Late last month, an American University professor brought along her baby daughter to the first day of class and breastfed her while continuing to lecture and go over the syllabus for her "Sex, Gender & Culture" course. Now, let's add some context to the story.
Assistant anthropology professor Adrienne Pine woke to find her daughter suffering from a fever and fearing she had no viable child-care alternatives, she decided to had no other choice but to bring her to class.
Throughout most of the session, the baby, dressed in a cute blue onesie, crawled on the floor when she wasn't strapped onto Pine's back, The Washington Post reports. At one point, the mother had to retrieve a paper clip from the baby's mouth and direct her away from an electrical outlet.
Then the baby got restless and cranky at some point during the 75-minute class and, in front of 40 students, Pine let the baby girl latch onto her breast and began breastfeeding her, still lecturing and going over the syllabus. According to the professor, a teaching assistant also held and rocked the baby.
Pine thought nothing of the incident and left the classroom unfazed. Her students on the other hand, well, they made sure to spread the news about the strange opening-day of class on social media sites like Twitter and Facebook.
After a student newspaper inquired about the incident, Pine grew frustrated and wrote an online essay titled "The Dialectics of Breastfeeding on Campus: Exposéing my Breasts on the Internet." Pine wrote that she was "shocked and annoyed that this would be considered newsworthy" and argued her workplace was now "a hostile environment."
The Washington Post has more on the fallout:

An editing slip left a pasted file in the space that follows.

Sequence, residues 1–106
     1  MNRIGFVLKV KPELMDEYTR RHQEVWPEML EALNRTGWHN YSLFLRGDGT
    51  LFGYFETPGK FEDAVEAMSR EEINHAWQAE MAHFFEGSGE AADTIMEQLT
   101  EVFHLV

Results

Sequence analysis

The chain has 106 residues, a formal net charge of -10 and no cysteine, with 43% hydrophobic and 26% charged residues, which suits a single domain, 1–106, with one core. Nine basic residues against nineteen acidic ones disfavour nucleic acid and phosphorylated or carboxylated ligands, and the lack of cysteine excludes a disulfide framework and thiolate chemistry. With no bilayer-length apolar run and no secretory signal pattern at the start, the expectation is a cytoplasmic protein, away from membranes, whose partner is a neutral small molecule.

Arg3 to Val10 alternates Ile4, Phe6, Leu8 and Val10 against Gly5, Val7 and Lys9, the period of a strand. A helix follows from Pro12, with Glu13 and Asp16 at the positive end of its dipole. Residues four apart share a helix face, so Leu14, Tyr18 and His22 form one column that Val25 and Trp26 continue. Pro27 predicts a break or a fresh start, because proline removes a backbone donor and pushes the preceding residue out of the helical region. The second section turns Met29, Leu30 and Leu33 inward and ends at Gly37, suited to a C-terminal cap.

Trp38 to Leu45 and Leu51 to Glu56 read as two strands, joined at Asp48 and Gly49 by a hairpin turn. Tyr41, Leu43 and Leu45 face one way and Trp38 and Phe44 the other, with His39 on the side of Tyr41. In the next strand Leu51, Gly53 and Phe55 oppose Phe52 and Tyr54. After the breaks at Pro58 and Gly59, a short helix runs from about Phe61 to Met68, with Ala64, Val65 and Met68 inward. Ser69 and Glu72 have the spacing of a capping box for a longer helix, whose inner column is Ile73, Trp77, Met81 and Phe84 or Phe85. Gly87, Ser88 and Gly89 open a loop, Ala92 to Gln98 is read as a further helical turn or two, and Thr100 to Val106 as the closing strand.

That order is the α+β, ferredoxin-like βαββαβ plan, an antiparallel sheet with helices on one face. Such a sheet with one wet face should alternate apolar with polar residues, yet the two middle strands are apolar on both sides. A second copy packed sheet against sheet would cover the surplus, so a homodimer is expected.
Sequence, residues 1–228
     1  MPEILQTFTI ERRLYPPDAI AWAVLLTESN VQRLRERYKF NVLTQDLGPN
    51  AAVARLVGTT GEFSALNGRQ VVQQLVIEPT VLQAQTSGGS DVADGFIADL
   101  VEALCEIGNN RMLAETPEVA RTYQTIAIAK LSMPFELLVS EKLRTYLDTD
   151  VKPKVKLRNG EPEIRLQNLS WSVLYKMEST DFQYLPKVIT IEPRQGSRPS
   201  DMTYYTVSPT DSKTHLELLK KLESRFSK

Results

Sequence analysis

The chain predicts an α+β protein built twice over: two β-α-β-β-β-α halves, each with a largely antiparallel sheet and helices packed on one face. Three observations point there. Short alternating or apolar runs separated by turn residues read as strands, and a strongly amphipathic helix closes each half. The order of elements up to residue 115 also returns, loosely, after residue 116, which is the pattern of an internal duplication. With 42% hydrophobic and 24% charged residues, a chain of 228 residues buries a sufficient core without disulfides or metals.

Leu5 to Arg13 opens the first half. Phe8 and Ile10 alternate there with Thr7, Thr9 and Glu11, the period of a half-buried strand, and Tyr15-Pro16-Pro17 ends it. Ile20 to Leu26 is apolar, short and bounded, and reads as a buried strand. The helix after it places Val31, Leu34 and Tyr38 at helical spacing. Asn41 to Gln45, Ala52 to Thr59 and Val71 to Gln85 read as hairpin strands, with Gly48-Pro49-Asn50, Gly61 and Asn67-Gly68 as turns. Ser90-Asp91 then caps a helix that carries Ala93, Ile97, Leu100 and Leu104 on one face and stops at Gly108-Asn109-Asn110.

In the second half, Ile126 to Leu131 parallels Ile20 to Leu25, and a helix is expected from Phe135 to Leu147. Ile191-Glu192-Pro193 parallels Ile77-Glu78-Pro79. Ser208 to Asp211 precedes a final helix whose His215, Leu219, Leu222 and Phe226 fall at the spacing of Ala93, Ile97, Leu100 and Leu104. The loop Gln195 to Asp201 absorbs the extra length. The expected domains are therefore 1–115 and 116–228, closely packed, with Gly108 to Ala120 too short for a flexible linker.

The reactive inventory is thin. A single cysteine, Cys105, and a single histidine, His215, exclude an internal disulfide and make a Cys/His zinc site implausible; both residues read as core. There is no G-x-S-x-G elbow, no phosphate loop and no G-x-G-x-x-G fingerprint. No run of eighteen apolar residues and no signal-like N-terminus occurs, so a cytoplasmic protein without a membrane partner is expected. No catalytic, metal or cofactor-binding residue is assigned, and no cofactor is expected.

Now the campus community and others who have been following Pine’s story are debating whether the professor did the right thing by bringing her sick baby to the Aug. 28 class and breast-feeding her. They also are questioning her response, when she publicly upbraided student journalists and asserted that the tone of a reporter’s questions implied an “anti-woman” view.
On Tuesday, university officials issued a statement that appeared to convey disapproval.
“For the sake of the child and the public health of the campus community, when faced with the challenge of caring for a sick child in the case where backup childcare is not available, a faculty member should take earned leave and arrange for someone else to cover the class, not bring a sick child into the classroom,” the statement said.
The statement, e-mailed by Camille Lepre, a spokeswoman, indicated that the university follows federal and D.C. law for nursing mothers.
“A faculty member’s conduct in the classroom must be professional,” the statement said. “Faculty may maintain a focus on professional responsibilities in the classroom by taking advantage of the options the university provides, including reasonable break times, private areas for nursing mothers to express milk, and leave in the case of a sick child.”
The university's statement also said Pine's online essay was unprofessional and criticized the way she characterized American University students. Pine is still teaching at AU, now in her fourth year.
While Pine refused to respond to press inquiries, she, in her essay, on counterpunch.org sarcastically gave her view on the entire ordeal:
"So here’s the story, internet: I fed my sick baby during feminist anthropology class without disrupting the lecture so as to not have to cancel the first day of class. I doubt anyone saw my nipple, because I’m pretty good at covering it. But if they did, they now know that I too, a university professor, like them, have nipples. Or at least that I have one."
The student newspaper that initially reached out to Pine for comment did not have a story about the incident on its website but students still took to the online message board titled "Eagle Rants" where there was much disagreement about who is in the wrong.
"Shame on The Eagle for harassing a professor in pursuit of a completely unnewsworthy 'story,'" one person wrote.
Another complained: "These dogmatic academic types never admit their inappropriateness, but rather scorn at the 'uncultured' world around them."
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